Atsuyoshi Fujiwara 07-10-2015
Image of Urakami Cathedral

KPG_Payless / Shutterstock 

OVER THE LAST 14 months, I visited Nagasaki six times to prepare for and then participate in the Christian Forum for Reconciliation in Northeast Asia, along with 60 Christian leaders from Japan, the U.S., China, and South and North Korea.

Following the forum, I attended the International Symposium for Peacemaking in Northeast Asia, held at the Nagasaki Atomic Bomb Museum. These events gave me much opportunity to think about nuclear weapons and peacemaking, alone and together with a peaceable community of believers.

The devastating power unleashed on Nagasaki and Hiroshima 70 years ago shocked the human community. I have friends whose families suffered when atomic bombs fell on those two Japanese cities. But Japan was not simply a victim. The Pacific War started with the bombing of Pearl Harbor. And if the Japanese military had then had an atomic bomb, I am quite certain they would have used it.

Today, many are working to abolish nuclear weapons as inhumane and unacceptable.  I am convinced that nuclear weapons cannot be justified. But the question “Why should we abolish nuclear weapons?” leads to additional questions: How do we think about wars, about killing and violence, in general? While seeking to abolish nuclear weapons, should we keep on making, selling, and using other kinds of weapons?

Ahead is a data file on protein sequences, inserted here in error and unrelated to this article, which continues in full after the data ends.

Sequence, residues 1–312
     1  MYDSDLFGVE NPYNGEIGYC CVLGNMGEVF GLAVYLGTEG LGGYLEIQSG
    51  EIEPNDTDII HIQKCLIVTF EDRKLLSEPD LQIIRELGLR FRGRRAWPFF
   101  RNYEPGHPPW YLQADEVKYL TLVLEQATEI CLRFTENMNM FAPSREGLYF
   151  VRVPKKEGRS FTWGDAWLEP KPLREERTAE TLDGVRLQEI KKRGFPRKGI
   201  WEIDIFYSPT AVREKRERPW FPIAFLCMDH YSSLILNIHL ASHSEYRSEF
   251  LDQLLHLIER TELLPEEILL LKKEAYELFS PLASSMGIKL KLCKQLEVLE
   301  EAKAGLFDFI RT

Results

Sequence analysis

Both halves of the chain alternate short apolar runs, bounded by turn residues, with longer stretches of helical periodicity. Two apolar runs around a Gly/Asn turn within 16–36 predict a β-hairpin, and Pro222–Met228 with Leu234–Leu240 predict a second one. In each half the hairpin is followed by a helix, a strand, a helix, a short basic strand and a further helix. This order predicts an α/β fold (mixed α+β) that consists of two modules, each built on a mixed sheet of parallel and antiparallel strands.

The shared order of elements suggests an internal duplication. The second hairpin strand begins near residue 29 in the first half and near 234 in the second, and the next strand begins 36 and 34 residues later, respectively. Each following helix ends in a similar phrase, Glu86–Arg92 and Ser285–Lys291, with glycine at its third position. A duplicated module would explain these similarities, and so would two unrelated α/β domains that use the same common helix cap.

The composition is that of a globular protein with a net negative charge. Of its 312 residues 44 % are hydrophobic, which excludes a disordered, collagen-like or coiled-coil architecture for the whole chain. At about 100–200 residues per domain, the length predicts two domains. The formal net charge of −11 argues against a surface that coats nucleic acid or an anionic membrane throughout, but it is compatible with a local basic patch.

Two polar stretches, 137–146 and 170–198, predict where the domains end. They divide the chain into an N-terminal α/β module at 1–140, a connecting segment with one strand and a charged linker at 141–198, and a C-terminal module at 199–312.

Graphic courtesy of Barna Group. Via RNS.

One day after the state of Ohio executed a man for murder, a new poll shows younger Christians are not as supportive of the death penalty as older members of their faith.

When asked if they agreed that “the government should have the option to execute the worst criminals,” 42 percent of self-identified Christian boomers, born between 1946 and 1964, said “yes.” Only 32 percent of self-identified Christian millennials, born between 1980 and 2000, said the same thing.

The poll conducted by Barna Group this past summer and released to Religion News Service Friday, surveyed 1,000 American adults and has a margin of error of plus or minus 2.6 percentage points.

It showed an even sharper difference in support for the death penalty among “practicing Christians,” which Barna defined as those who say faith is very important to their lives and have attended church at least once in the last month. Nearly half of practicing Christian boomers support the government’s right to execute the worst criminals, while only 23 percent of practicing Christian millennials do.